I have been a devoted follower of Call the Midwife since it first appeared in 2012. As a former nurse myself, so many of the stories resonated deeply, though admittedly my training was in the 70’s, so things had changed a little by then. The issue of dying well was not part of my training in those days. I even started writing my own memoires – you certainly see life when you’re thrown in at the deep end as a teenage student nurse. A pity I stopped as I might also have had my own TV series by now!
Somehow Call the Midwife resonated with me on many levels. Jenny Agutter was embedded in my soul as Bobby from the Railway Children – my sister and I used to spend hours sitting on a railing opposite our house, swinging our legs like she and Phyllis did as they sent their love to Father on the train to London! In addition, I saw many of the scenarios depicted in the series in my own working life, first as a student, and latterly as a fully-fledged SRN Staff Nurse. And finally, as a Soul Midwife, I watched in gentle admiration as (spoiler alert) in last night’s series finale they depicted the death of Elsie Dyer.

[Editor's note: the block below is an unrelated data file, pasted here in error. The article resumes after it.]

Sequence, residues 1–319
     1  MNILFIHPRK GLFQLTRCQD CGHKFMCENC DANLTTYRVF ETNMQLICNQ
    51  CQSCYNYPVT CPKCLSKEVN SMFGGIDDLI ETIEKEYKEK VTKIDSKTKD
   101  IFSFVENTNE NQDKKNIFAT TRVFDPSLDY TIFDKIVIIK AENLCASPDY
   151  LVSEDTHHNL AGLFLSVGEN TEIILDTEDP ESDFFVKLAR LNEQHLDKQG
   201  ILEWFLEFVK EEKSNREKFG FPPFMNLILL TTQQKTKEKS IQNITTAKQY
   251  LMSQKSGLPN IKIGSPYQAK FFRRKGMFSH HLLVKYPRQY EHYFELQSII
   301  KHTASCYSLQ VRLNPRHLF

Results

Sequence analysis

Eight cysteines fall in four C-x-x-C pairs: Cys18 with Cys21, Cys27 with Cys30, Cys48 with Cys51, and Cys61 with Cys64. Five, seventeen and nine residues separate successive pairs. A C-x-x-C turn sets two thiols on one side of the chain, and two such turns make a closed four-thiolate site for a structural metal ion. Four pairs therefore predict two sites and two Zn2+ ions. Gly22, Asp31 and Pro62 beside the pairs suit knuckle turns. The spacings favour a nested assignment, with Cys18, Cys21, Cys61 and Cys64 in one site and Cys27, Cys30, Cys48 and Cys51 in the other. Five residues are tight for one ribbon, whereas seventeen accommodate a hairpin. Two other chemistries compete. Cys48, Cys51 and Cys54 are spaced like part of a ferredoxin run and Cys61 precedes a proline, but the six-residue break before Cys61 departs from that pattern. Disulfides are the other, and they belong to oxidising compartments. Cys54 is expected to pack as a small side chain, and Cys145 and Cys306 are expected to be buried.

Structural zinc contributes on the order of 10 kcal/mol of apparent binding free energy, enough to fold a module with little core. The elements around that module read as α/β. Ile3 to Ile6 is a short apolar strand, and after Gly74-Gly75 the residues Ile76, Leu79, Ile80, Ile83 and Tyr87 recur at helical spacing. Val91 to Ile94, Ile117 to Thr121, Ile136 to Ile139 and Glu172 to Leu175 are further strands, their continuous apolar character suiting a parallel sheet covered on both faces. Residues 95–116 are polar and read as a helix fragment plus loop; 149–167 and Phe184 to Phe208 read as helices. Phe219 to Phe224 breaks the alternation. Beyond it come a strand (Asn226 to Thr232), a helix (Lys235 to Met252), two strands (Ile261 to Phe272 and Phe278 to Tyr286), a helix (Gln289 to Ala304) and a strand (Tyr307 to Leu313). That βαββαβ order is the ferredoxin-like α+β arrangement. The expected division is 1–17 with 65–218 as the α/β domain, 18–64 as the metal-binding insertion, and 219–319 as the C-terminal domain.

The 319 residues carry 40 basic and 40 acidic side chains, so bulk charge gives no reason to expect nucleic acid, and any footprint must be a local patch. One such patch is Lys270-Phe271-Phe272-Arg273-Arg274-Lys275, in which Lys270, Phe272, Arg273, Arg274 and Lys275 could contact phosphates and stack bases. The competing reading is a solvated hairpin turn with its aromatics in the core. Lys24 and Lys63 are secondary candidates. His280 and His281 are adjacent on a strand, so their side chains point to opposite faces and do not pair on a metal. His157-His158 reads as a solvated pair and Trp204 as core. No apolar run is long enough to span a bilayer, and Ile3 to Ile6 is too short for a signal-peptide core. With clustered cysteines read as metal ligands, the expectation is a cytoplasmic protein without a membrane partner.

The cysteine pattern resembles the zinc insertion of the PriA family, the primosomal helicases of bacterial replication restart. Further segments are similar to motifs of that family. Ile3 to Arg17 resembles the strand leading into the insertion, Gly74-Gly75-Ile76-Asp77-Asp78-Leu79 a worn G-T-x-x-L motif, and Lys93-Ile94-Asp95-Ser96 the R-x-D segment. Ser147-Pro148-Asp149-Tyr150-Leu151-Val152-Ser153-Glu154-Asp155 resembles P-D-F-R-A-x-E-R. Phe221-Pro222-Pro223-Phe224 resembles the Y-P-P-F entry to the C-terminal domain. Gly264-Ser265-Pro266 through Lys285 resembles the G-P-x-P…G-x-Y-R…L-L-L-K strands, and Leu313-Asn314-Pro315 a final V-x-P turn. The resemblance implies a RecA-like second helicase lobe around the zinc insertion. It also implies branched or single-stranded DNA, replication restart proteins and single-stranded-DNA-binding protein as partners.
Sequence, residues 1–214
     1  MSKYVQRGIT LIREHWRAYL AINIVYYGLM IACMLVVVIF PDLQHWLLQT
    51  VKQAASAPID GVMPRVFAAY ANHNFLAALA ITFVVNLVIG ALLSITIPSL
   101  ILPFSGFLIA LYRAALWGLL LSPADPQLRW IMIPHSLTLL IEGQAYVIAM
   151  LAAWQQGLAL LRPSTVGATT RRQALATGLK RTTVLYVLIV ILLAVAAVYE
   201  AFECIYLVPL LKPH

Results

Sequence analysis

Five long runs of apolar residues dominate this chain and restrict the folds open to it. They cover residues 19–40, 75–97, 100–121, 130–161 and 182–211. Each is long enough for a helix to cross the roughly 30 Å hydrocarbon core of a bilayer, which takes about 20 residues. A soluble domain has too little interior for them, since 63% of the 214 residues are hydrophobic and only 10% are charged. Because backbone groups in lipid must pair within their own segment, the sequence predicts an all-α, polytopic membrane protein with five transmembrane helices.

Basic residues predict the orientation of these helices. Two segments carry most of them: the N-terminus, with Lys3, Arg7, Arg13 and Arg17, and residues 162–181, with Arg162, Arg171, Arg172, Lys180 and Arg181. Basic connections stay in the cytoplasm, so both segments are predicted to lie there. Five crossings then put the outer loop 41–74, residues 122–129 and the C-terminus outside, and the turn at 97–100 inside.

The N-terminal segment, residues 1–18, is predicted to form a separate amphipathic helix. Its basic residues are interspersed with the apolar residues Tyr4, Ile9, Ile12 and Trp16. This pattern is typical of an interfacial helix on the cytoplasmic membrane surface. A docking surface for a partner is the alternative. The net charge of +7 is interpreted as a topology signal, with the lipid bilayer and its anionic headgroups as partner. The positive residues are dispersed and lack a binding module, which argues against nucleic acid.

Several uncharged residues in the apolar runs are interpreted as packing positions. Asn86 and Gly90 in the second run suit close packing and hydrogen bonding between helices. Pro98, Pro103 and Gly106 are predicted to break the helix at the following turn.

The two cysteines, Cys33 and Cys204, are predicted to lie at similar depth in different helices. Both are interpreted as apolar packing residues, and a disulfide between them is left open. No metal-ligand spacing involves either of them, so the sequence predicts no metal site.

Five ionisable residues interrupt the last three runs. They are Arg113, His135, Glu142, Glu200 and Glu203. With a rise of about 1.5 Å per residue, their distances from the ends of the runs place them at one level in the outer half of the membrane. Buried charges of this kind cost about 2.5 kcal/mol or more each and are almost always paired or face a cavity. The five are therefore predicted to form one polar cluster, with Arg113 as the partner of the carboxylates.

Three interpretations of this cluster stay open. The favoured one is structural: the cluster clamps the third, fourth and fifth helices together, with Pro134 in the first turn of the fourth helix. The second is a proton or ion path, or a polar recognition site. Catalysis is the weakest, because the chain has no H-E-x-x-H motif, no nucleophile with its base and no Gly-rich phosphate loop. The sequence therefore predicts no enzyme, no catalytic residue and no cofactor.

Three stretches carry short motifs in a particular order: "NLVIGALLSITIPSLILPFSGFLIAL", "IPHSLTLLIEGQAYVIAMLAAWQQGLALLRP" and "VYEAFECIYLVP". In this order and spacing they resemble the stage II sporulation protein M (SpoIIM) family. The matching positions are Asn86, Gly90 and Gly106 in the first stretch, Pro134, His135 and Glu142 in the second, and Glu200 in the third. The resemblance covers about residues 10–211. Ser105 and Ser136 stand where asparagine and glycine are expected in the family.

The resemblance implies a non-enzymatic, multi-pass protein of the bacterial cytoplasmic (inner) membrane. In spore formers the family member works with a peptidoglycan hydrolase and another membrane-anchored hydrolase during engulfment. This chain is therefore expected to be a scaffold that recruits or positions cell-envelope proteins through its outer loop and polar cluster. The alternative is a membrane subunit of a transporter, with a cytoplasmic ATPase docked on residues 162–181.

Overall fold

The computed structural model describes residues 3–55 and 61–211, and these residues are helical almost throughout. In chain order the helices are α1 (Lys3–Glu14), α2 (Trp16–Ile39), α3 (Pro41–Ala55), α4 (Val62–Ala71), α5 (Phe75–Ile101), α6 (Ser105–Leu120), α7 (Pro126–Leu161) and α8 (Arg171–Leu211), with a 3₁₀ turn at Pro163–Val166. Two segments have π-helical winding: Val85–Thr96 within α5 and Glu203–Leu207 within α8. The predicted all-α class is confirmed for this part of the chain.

So much of the ethos of holistic end of life work was embodied as Elsie’s last moments played out. She was in her own bed, with just the few people she wanted to be there. Her cold hands were gently warmed, and she was covered with a soft, familiar cardigan by her beloved niece, Valerie. There was beautiful shared care between Valerie (her family) and Cecile (her nurse) where pain relief was administered when Elsie wanted it, and not before. Lucille and Cyril sang quietly as Elsie slipped into unconsciousness. And Valerie left to get a 99 ice cream, as directed by her aunt, giving Elsie the space to die without Valerie there, which was what she chose in the end. The overriding sense of calm reassurance, to encourage Elsie to “Let your body do what it knows how to do” was deeply moving. Ultimately, it was a simple portrayal of dying well.
A few months ago my dear Pa died. We were able to support him in very similar ways as shown last night on #callthemidwife, and I believe his death was just as peaceful as Elsie’s. I will be forever grateful for the training that enabled me to help facilitate that. In my view we need to keep on talking about death and dying, to help people feel less afraid, and to show them the simple ways in which they, too, can support the dying days of a loved one. I love teaching TLC, and that remains my aim every time I lead a workshop.
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